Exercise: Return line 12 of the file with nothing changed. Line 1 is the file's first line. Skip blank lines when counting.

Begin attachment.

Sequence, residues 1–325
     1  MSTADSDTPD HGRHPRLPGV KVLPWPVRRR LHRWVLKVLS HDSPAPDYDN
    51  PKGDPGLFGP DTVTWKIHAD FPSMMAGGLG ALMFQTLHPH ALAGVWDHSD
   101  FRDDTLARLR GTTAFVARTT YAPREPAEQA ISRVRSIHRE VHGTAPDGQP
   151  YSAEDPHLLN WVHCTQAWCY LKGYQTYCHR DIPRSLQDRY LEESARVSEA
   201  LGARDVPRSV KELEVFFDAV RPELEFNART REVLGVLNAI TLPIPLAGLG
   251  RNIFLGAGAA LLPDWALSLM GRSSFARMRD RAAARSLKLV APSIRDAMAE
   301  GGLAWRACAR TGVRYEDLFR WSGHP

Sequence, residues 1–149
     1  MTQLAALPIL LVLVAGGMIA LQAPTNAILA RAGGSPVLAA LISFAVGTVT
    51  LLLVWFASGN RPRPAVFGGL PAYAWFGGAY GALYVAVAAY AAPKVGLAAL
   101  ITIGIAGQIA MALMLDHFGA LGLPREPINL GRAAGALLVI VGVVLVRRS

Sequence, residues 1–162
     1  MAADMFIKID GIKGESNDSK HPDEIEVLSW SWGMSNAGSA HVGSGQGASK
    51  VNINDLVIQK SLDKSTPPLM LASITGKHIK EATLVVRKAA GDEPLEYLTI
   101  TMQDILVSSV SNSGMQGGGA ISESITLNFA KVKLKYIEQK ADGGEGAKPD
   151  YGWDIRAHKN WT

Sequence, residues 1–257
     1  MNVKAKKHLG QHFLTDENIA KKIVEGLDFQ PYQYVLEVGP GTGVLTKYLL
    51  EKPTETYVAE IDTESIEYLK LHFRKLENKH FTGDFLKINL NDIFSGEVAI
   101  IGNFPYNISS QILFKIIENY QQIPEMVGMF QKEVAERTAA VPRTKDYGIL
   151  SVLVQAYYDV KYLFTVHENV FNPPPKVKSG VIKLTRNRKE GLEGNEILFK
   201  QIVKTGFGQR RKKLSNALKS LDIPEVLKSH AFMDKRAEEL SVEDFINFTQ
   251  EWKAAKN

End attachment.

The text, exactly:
   101  ITIGIAGQIA MALMLDHFGA LGLPREPINL GRAAGALLVI VGVVLVRRS